The 1977 Grand Prix SJ.
The 1977 model year rolled in with high hopes for Pontiac. The Grand Prix received a minor face-lift for its last year on this platform.
The front end was revised slightly, and the "waterfall" effect of the grille was de-emphasized somewhat. The fine mesh treatment was traded for five vertical bars on each side, and the taillights were slightly updated. The T-top from the previous year became a regular option, and the Honeycomb wheels were replaced with new "snowflake"-style aluminum wheels.
The engine lineup was the most confusing it had ever been. Depending on where you lived, you might get a Pontiac, Chevrolet or Oldsmobile mill. There was a separate 49-state engine lineup, as well as a California and high-altitude lineup.
The base GP engine for '77 was the new 301 Pontiac V8. It was a short-deck whose basic block dimensions were quite similar to the old 303 Trans-Am race motor, though it was not nearly as beefy. Its deck was 1.12 inches shorter than the 350 or 400. Connecting rods measured 6.05 inches—vs. 6.625 inches for its larger brothers. The new engine shared the same 3-inch main journal diameters as the 350 and 400. The block, heads and intake manifold were very lightweight castings, and the crankshaft only had eounterweights on each end in the interest of weight reduction.
The result: The 301 came in at a very svelte 452 pounds, or about the same as Buick's 231 V6! It produced 135 net horsepower at 3800 rpm,
with 240 lbs.-ft. of torque at 2000. While not earth-shattering, the power level was similar to other 5-liter V8s of the time, and it had the
weight advantage. Less weight is the same as more horsepower.
Next up the option ladder was the "5.7-liter"
V8. Depending on the plant, the time at which the car was built and the zone to which it was delivered, a GP might get a 350 Pontiac, a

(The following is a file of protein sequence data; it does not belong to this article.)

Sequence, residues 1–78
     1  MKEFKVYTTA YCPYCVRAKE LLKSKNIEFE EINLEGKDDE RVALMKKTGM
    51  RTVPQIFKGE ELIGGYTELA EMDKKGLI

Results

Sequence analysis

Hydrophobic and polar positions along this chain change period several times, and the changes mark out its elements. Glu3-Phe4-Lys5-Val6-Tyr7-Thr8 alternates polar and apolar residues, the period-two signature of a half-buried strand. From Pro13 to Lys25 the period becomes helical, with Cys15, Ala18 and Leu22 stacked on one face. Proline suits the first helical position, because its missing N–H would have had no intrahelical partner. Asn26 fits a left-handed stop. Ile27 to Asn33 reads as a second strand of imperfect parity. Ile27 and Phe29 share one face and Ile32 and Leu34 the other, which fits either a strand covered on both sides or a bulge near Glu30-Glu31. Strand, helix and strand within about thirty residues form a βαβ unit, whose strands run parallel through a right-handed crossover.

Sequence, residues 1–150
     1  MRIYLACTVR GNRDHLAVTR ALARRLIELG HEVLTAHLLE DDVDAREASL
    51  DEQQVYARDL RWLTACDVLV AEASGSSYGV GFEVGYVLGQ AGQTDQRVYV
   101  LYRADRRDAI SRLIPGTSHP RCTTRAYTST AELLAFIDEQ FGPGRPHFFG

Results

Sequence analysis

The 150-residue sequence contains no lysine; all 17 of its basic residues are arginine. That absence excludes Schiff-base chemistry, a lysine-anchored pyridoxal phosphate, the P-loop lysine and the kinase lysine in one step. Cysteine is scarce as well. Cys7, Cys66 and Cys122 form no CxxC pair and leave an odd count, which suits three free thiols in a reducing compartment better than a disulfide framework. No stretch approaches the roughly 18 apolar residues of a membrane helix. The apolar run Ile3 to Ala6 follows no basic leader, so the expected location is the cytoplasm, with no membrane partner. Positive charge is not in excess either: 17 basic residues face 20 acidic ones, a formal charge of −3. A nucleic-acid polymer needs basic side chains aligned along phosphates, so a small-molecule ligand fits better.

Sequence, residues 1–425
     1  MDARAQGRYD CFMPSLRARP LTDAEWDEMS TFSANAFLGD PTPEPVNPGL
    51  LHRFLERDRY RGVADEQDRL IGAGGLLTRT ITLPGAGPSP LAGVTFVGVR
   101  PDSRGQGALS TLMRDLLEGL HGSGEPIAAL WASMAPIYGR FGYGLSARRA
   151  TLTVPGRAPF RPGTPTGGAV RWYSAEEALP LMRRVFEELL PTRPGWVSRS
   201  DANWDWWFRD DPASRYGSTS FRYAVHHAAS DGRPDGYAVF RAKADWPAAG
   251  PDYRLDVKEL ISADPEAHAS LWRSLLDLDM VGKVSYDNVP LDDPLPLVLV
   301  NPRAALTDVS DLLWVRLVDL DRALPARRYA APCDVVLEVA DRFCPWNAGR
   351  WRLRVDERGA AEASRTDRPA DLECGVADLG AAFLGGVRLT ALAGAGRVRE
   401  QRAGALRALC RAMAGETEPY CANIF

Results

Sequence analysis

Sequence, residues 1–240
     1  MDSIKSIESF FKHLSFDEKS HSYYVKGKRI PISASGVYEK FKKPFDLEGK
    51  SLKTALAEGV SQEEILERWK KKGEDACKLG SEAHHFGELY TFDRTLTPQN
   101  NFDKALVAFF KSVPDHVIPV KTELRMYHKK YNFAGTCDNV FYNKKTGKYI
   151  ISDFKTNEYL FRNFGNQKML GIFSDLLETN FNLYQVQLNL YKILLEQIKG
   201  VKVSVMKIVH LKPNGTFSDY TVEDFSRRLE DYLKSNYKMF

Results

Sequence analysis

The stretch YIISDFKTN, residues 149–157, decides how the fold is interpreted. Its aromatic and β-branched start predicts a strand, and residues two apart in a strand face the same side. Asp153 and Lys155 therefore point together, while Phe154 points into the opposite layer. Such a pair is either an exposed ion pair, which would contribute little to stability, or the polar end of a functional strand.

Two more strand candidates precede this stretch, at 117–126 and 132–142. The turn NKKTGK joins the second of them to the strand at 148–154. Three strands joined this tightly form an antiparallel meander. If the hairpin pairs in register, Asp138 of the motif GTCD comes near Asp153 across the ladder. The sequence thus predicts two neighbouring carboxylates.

350 Olds or a 350 Chevy.
There were a couple of reasons for this. The first problem was that the 350 Pontiac would
not pass the stricter California and high-altitude emissions standards. In its place, Pontiac substituted the 350 Olds engine.
Since the Olds engine was cleaner-running, it was in demand. Soon, there weren't enough
to go around—Oldsmobile didn't even have enough for its Cutlasses. So, the Olds 350s were replaced with Chevy 350s.
The same thing happened with the top-option 400 Pontiac and the cleaner-burning 403
All of this interdivisional engine juggling resulted in a class-action suit brought against GM
by some disgruntled owners who got engines that were not what they had ordered. It turned into a mini-media blitz, and the only people
who made out on the fiasco were the dealers. They "took back" the cars with mismatched engines—but only after setting a mileage
charge that often cost the consumer as much as $2,000. Then they'd resell the low-mileage used car for top dollar. Good work if you
can find it ...
Despite the incestuous engine lineup, 1977 proved to be the best year ever for Grand Prix
sales. Total production was 288,430 units—of which 168,247 were standard GPs, 66,741 were LJs, and 53,442 were SJs.